Membrane-bound trafficking regulates nuclear transport of integral epidermal growth factor receptor (EGFR) and ErbB-2

Ying Nai Wang, Heng Huan Lee, Hong Jen Lee, Yi Du, Hirohito Yamaguchi, Mien Chie Hung

Research output: Contribution to journalArticlepeer-review

54 Scopus citations

Abstract

Nuclear localization of multiple receptor-tyrosine kinases (RTKs), such as EGF receptor (EGFR), ErbB-2, FGF receptor (FGFR), and many others, has been reported by several groups. Wepreviously showed that cell surface EGFR is trafficked to the nucleus through a retrograde pathway from the Golgi to the endoplasmic reticulum (ER) and that EGFR is then translocated to the inner nuclear membrane (INM) through the INTERNET (integral trafficking from the ER to the nuclear envelope transport) pathway. However, the nuclear trafficking mechanisms of other membrane RTKs, apart from EGFR, remain unclear. The purpose of this study was to compare the nuclear transport of EGFR family proteins with that of FGFR-1. Interestingly, we found that digitonin permeabilization, which selectively releases soluble nuclear transporters from the cytoplasm and has been shown to inhibit nuclear transport of FGFR-1, had no effects on EGFR nuclear transport, raising the possibility that EGFR and FGFR-1 use different pathways to be translocated into the nucleus. Using the subnuclear fractionation assay, we further demonstrated that biotinylated cell surface ErbB-2, but not FGFR-1, is targeted to the INM, associating with Sec61β in the INM, similar to the nuclear trafficking of EGFR. Thus, ErbB-2, but not FGFR-1, shows a similar trafficking pathway to EGFR for translocation to the nucleus, indicating that at least two different pathways of nuclear transport exist for cell surface receptors. This finding provides a new direction for investigating the trafficking mechanisms of various nuclear RTKs.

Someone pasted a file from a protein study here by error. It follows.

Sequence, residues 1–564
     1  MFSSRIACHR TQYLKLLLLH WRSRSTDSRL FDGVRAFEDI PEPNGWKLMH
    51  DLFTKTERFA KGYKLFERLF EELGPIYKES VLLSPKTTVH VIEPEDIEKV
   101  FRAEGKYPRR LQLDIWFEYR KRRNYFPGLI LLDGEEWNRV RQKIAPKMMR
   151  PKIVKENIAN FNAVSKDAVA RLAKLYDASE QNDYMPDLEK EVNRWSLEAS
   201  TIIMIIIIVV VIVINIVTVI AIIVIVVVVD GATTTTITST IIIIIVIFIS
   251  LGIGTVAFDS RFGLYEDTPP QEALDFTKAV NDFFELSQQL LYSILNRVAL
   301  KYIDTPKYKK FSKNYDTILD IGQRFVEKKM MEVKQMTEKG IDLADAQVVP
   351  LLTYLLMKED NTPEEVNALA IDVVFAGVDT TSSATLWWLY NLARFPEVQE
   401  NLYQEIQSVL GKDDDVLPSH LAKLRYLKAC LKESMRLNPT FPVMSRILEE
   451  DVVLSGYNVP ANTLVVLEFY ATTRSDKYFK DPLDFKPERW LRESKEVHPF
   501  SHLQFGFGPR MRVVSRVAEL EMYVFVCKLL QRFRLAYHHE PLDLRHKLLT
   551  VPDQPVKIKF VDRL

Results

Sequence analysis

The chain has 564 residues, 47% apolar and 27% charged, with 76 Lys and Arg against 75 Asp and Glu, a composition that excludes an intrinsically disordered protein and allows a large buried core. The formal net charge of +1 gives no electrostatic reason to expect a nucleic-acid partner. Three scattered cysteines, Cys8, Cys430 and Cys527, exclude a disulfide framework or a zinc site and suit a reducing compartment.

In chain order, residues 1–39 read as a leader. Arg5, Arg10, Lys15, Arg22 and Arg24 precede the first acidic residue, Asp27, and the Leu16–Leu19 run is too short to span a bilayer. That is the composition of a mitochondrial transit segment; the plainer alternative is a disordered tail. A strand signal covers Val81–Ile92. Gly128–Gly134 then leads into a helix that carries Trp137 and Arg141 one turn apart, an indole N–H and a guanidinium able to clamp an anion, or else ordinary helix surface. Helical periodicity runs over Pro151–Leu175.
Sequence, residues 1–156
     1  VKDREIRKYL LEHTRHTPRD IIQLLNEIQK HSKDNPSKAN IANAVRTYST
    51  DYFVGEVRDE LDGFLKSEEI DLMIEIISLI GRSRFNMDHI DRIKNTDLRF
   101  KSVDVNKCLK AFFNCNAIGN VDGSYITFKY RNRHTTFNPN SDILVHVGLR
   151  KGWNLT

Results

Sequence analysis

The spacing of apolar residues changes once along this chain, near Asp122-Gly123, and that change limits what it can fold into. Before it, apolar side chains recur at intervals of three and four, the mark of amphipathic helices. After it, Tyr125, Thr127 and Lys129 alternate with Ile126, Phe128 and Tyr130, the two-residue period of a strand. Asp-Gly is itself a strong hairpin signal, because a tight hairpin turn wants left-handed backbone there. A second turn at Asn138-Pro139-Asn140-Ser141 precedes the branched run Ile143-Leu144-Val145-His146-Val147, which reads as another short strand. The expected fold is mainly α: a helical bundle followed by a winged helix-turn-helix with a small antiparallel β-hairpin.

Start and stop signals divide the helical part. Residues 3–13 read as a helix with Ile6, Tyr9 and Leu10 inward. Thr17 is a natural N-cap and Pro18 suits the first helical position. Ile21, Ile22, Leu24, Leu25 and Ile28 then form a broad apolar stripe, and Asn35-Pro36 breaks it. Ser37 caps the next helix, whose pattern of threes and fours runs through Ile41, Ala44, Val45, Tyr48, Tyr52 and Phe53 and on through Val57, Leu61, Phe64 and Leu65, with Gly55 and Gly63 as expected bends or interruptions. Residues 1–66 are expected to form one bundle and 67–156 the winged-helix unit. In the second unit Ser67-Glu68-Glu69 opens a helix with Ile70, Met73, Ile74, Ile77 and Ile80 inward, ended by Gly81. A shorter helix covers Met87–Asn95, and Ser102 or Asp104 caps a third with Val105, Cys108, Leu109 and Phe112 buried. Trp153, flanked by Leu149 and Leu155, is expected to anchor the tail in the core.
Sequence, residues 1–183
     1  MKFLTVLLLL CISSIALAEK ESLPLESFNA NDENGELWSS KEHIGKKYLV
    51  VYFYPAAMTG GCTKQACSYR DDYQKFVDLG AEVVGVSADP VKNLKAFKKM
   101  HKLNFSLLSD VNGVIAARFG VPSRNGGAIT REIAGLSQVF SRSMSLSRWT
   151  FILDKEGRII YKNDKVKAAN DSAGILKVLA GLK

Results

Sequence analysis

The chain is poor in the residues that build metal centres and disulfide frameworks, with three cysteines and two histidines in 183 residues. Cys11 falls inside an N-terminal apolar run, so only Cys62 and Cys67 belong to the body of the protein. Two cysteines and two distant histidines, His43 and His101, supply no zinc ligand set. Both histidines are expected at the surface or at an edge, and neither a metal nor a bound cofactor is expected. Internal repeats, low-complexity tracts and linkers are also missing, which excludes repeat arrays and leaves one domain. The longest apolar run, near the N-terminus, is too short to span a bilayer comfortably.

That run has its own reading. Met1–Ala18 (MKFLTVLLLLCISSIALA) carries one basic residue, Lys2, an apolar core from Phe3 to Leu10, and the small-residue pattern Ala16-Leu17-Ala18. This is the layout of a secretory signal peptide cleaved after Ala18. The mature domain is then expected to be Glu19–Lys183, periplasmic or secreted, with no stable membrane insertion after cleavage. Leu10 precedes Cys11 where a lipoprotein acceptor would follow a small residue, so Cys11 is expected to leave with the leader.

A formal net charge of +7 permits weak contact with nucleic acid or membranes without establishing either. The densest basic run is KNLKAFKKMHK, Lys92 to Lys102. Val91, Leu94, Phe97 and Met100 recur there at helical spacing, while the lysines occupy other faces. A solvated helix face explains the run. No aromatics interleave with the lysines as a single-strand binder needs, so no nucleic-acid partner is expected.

Original languageEnglish (US)
Pages (from-to)16869-16879
Number of pages11
JournalJournal of Biological Chemistry
Volume287
Issue number20
DOIs
StatePublished - May 11 2012
Externally publishedYes

ASJC Scopus subject areas

  • Biochemistry
  • Molecular Biology
  • Cell Biology

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